How Does time Perception Change As You Get Older?
Elementary School/Middle School/High School
Difficulty of Project
Easily available from your local drugstore.
Approximate Time Required to Complete the Project
About a day, or else 5 minutes.
To understand how time perception changes between the ages of 6 and ___ (an ending age to be determined).
Materials and Equipment / Ingredients
- A room without a clock and with nothing in it (no pictures, wall hangings, etc)
- A stop watch
Being a child is like starting a book. In the first five pages of a new book, you are trying to understand what world you have entered, how the characters relate to one another, and what the writing style is. When you are a child, you encounter similar challenges, trying to understand the world around you and how to judge the people in it. This might cause time to move slower. How does time perception differ in children and adults?
- How does time perception differ between children and adults?
- Is it true that the younger the child, the more time he/she will believe has passed (in other words, is the perception a linear change based on age)?
- Is there an age at which time perception begins to more accurately match reality?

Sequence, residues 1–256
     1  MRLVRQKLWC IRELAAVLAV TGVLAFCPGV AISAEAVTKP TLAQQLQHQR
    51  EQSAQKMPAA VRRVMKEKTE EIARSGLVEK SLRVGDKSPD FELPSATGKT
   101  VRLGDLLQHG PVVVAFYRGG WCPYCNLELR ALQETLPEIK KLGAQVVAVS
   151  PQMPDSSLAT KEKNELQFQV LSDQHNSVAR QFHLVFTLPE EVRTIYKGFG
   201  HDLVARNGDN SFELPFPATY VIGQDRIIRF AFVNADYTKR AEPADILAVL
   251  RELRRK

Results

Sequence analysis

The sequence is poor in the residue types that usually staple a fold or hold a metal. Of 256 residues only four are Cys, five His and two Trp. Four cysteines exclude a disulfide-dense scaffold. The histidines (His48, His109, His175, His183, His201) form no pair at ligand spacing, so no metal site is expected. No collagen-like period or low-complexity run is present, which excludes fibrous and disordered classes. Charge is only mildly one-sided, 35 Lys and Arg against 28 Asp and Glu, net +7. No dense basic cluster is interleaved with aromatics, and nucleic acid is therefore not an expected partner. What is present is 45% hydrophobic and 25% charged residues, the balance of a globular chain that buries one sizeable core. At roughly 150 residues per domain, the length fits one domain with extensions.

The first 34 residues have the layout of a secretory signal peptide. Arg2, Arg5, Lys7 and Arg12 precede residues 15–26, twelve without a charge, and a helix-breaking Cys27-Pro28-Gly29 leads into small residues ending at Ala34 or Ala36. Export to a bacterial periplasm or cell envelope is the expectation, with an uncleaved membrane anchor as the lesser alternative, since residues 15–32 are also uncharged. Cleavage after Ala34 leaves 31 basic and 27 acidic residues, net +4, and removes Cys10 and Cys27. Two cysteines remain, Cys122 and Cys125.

Terms, Concepts and Questions to Start Background Research
- How do children perceive time?
- How do adults perceive time?
- How do these compare?
- Gather a group of subjects, ages 6 to ___ (determine an ending age). Make sure all ages in this range are represented. If you are lucky, you will have more than one person to represent every age.
- While you cannot control the number of people who show up to your experiment, you should make sure to note the turnout in your writeup.
- DO NOT TELL THESE PEOPLE WHAT THEY WILL BE DOING!!! Simply tell them you are conducting an experiment about the differences in time perception between children of different ages and adults, and tell them when and where to show up.
- When the participants show up, take them one at a time into a room with no distractions and no clock. Keep them there for 5 minutes.
- After five minutes, enter the room and ask how much time has passed.
Droit-Volet, Sylvie. Alerting Attention and Time Perception in Children. July 15, 2003. ScienceDirect. http://www.sciencedirect.com/science?_ob=ArticleURL&_udi=B6WJ9-492VR10-1&_user=10&_coverDate=08%2F31%2F2003&_rdoc=1&_fmt=high&_orig=search&_sort=d&_docanchor=&view=c&_searchStrId=1194259573&_rerunOrigin=google&_acct=C000050221&_version=1&_urlVersion=0&_userid=10&md5=35b4b7757ed03937d21c26a3824ee050
Krulwich, Robert. “Why Does Time Fly By As You Get Older?” Feb 1, 2010. All Things Considered: NPR. http://www.wbur.org/npr/122322542
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